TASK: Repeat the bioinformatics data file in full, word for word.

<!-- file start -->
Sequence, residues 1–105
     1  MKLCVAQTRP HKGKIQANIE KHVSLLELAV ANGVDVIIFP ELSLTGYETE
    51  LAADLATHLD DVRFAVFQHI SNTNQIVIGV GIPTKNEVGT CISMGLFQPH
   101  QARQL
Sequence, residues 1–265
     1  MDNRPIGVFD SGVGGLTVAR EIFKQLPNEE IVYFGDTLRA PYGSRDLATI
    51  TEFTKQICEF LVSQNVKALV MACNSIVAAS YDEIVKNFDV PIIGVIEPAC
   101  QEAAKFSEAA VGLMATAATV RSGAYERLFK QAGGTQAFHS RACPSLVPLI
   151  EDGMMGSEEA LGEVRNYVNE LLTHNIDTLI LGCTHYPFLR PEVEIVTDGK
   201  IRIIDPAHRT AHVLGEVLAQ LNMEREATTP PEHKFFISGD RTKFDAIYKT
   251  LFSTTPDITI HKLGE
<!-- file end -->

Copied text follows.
Sequence, residues 1–105
     1  MKLCVAQTRP HKGKIQANIE KHVSLLELAV ANGVDVIIFP ELSLTGYETE
    51  LAADLATHLD DVRFAVFQHI SNTNQIVIGV GIPTKNEVGT CISMGLFQPH
   101  QARQL
Sequence, residues 1–265
     1  MDNRPIGVFD SGVGGLTVAR EIFKQLPNEE IVYFGDTLRA PYGSRDLATI
    51  TEFTKQICEF LVSQNVKALV MACNSIVAAS YDEIVKNFDV PIIGVIEPAC
   101  QEAAKFSEAA VGLMATAATV RSGAYERLFK QAGGTQAFHS RACPSLVPLI
   151  EDGMMGSEEA LGEVRNYVNE LLTHNIDTLI LGCTHYPFLR PEVEIVTDGK
   201  IRIIDPAHRT AHVLGEVLAQ LNMEREATTP PEHKFFISGD RTKFDAIYKT
   251  LFSTTPDITI HKLGE